As an owner, you may have your own term of endearment for your disobedient canine.

You can let the bad behavior continue forever.

You can tolerate the jumping, growling, barking canine who chooses to totally ignore your commands.

You might as well be commanding an army of ants, because you get no results when you ask your dog to come. He continues ignoring you. It elicits the same reaction from you as when your spouse exercises selective hearing.

If you have become exasperated with your disobedient dog, here's an approach that works -
Transforming Difficult Dogs into Well-Behaved and Obedient Dogs.

The actual link to this article is as follows: You may be surprised what happpens when your dog is both eager and willing to obey your commands.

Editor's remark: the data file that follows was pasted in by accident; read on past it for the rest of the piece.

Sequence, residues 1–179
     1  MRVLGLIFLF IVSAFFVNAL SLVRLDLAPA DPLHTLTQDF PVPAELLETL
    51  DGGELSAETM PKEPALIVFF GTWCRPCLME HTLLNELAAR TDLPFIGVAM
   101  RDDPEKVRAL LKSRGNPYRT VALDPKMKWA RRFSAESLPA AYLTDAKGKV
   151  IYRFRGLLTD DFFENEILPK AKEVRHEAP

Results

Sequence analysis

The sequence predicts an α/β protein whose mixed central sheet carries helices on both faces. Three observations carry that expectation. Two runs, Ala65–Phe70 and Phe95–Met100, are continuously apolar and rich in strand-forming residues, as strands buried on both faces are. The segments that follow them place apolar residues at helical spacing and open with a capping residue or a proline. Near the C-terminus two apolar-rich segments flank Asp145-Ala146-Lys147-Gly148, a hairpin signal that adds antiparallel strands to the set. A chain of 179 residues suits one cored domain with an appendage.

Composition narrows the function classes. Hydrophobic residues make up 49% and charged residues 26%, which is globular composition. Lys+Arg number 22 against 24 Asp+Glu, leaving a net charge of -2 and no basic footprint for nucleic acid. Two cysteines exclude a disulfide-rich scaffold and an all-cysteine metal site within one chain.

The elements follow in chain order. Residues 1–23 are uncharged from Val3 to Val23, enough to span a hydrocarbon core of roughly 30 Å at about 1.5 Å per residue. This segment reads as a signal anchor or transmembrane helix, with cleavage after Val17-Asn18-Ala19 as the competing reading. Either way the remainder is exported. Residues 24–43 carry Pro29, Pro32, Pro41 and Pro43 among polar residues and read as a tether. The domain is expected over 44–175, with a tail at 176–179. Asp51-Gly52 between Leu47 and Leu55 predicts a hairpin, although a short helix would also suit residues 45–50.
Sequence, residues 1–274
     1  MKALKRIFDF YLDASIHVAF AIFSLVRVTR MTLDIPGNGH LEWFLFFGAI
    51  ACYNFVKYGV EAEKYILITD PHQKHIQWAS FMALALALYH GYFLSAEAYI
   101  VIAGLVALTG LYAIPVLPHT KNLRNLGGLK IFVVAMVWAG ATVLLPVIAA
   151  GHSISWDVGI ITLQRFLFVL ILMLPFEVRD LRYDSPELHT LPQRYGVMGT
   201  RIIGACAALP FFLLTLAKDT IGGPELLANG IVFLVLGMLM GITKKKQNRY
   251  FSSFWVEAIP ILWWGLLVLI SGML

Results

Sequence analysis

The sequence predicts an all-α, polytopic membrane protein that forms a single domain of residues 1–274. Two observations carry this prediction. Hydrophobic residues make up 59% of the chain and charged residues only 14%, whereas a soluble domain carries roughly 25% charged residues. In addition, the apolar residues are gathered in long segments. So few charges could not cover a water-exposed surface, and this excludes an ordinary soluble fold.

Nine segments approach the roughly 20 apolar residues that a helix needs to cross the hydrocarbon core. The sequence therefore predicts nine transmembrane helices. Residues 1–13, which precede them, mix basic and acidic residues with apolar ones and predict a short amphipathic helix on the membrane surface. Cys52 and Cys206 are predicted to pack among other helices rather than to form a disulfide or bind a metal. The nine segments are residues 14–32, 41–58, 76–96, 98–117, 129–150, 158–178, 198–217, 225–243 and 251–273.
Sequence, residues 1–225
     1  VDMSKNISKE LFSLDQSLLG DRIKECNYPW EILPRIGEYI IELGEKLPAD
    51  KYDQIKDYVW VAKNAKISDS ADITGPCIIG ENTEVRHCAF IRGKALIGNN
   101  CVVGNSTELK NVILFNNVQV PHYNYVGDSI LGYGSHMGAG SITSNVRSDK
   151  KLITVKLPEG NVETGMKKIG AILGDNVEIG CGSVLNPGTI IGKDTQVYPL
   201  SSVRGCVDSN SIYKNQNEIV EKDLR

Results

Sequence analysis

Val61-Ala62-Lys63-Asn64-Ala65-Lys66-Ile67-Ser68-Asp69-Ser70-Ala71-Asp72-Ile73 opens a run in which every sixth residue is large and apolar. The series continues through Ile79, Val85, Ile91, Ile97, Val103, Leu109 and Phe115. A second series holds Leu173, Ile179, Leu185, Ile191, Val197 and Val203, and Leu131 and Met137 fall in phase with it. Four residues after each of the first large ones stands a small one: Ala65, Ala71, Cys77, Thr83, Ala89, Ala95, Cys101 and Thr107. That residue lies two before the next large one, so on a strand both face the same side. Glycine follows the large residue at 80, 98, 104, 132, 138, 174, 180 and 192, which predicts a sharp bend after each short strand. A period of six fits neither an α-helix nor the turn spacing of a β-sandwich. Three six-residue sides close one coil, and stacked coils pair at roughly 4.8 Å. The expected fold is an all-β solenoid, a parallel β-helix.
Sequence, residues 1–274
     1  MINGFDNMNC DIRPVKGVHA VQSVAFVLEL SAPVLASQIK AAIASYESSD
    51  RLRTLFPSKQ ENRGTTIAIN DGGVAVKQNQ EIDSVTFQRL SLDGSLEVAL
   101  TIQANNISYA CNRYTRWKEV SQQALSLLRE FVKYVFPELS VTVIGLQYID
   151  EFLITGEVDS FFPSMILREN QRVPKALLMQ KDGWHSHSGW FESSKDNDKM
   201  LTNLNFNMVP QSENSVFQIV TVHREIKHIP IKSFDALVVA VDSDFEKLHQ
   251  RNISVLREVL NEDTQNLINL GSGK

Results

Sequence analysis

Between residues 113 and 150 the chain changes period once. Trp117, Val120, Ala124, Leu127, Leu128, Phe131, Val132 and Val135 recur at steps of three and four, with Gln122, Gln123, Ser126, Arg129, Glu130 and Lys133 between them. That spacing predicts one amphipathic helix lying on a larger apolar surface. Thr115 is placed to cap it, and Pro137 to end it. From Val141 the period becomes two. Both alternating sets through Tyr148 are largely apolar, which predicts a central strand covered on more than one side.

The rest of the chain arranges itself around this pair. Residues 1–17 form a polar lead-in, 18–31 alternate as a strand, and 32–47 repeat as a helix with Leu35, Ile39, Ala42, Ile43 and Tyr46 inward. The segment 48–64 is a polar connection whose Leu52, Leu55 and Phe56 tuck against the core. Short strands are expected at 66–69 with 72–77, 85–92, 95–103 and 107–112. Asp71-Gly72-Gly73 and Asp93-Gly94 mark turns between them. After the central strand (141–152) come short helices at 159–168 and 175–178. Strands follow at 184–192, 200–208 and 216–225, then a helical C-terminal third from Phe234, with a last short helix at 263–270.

Monday, August 13, 2012

Who's Your Favorite TV Dog Trainer - Victoria Stilwell? Cesar Millan? Or Someone Else?

Victoria Stilwell
Cesar Millan
Out of curiosity and because I like finding out what people are thinking, I put together a quick poll: Which TV Dog Trainer Would You Pick to Train Your Dog?

I also put the poll on a dog forum: Some dog forums members seem to dislike the TV dog trainers pictured above! They don't hold back their opinions.

Vote for your choice or add your own favorite . . . What's your opinion?
Which TV Dog Trainer Would You Pick to Train Your Dog?

Wednesday, August 1, 2012

Selecting the Best Vet for You and Your Dog

After four surgeries and endless trips to the vet for various ailments for two dogs, I am convinced that the selection of a vet is an all-important factor to your dog’s well-being.

It’s well worth taking the time to develop a good relationship with a quality vet.

Where to Start
You could pick a vet from the Yellow Pages or from an Internet search; but would you pick your own doctor from the same source?